Furthermore, I reject the idea that anyone is responsible or harmed if I get sick drinking raw milk, because I reject the idea that “government” at any level is responsible for my well being. The problem we have in this country is that we have a state / federal government bureaucracy that seeks to control and dictate every aspect of our very existence in the guise of “protecting” us. The problem Mr. Allgyer has is that he has run afoul of that bureaucracy. I suspect that crossing state lines is what has allowed the strong arm of the feds to hammer down on him, but that is their jurisdiction and the law is what the law is. Hopefully, the citizens of that area can work to get the law changed so that someone (and it may not be Mr. Allgyer) can service that willing market.

    20. OldKat

      Oh and one other thing ...

      Milk produced on a farm where the primary source of protein that is in the cows’ diet comes from grass will be much higher in Omega-3’s than milk from cows that are kept in stanchions and fed a diet high in grain. Our dairy farmer(s),a husband and wife team, run a graze only operation. They supplemented during last years horrific drought by feeding hay, but they feed no supplemental grain. This is the reason I started buying from them in the first place.

    21. Too many laws....

      A friend of mine summed it all up: “If we didn’t have so many laws, we wouldm’t have so many outlaws.” Now, I’m not sure if he made that up, but I think it’s so true.
      Also, many people around the world in third world countries feel really blessed to have a cow or goat to milk.
      Just my two cents 🙂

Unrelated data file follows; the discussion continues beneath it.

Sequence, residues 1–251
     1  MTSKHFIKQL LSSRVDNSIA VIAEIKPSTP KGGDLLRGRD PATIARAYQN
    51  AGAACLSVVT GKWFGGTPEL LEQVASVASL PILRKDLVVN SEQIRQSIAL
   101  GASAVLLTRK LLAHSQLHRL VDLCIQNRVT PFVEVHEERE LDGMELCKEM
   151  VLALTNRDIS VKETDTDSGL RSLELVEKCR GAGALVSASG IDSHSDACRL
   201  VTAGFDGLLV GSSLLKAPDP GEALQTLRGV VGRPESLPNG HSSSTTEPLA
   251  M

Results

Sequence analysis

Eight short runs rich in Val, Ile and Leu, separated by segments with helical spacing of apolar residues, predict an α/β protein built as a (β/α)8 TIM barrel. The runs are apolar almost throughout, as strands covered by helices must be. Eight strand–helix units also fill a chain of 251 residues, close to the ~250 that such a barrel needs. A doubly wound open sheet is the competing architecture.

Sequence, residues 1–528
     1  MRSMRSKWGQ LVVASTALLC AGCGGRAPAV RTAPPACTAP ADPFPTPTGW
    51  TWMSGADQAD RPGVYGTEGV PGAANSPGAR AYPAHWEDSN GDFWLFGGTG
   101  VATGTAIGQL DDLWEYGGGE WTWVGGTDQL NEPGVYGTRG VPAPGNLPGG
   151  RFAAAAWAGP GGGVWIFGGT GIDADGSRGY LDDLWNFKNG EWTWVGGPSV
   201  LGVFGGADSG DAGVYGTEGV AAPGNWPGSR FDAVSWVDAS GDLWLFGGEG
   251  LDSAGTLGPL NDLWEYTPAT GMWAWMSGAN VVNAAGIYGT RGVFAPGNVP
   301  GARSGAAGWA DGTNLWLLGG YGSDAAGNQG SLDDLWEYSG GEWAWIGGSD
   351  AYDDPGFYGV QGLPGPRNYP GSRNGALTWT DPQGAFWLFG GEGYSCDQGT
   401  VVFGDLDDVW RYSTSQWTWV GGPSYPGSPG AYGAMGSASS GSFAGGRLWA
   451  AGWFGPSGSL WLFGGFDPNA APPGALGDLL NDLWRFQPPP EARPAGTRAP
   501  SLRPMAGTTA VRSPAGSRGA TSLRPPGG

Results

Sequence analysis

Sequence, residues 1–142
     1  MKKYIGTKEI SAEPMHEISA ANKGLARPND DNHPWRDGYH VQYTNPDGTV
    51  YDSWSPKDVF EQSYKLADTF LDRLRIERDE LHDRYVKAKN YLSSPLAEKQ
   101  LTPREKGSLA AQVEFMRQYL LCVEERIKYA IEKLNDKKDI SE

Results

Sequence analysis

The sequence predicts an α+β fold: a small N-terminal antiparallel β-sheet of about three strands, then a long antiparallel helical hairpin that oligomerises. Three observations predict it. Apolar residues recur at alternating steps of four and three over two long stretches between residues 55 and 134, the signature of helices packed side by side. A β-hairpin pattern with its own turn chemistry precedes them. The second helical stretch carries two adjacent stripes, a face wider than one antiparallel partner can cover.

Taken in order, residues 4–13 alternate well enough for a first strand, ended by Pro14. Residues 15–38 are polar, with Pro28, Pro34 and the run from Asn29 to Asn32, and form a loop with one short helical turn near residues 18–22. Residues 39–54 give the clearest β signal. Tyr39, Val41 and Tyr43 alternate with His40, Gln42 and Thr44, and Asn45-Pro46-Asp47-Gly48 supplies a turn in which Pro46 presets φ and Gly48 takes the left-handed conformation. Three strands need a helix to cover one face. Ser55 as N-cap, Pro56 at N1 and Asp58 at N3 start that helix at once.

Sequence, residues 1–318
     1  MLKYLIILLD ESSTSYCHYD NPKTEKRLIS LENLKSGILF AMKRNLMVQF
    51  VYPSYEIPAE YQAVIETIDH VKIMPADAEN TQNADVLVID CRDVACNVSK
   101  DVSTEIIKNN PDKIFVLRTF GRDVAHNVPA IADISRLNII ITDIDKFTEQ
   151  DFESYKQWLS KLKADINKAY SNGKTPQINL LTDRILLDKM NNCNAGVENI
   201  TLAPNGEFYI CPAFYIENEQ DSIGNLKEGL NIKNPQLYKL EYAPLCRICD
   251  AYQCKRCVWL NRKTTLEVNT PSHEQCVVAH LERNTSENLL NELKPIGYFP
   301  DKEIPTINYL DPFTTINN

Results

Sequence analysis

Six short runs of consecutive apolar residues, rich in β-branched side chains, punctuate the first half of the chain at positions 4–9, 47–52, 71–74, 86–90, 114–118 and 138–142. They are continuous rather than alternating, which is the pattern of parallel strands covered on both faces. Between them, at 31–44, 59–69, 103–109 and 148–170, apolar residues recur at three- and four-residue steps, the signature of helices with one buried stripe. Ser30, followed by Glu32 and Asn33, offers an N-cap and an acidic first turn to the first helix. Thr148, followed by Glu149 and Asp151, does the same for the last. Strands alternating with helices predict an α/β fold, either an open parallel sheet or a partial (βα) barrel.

22. Susan F.


      I agree 100% with OldKat. We also get raw whole milk from Amish farmers. We’ve visited their dairy and it is very clean. And yes, this milk last longer than store bought milk.

      The problem with the PA farmer is a national problem – crossing the state lines with certain products, including milk, is forbidden due to the Interstate Commerce Law. It is a federal law and would have to be repealed at a federal level.

    23. Tom

      The KY legislator is in secession and are debating to allow farm sales, which will be interesting.

    24. Tom

      session not secession

      1. OldKat

        Too funny

        That had me literally laughing out loud. Maybe that is what we need, more state legislatures in secession and less in session …

    25. Lattice

      Our tax dollars could be better spent. I am increasingly considering the question, “Who is more conniving and scheming, the Devil or the FDA?”

    26. Lee Ann

      I drank raw milk at my uncles while growing up. His whole family drank raw milk. I went with them to purchase it and I see no problem with drinking it. Wish I could find some here in AZ. None of us have gotten health problems due to drinking raw milk.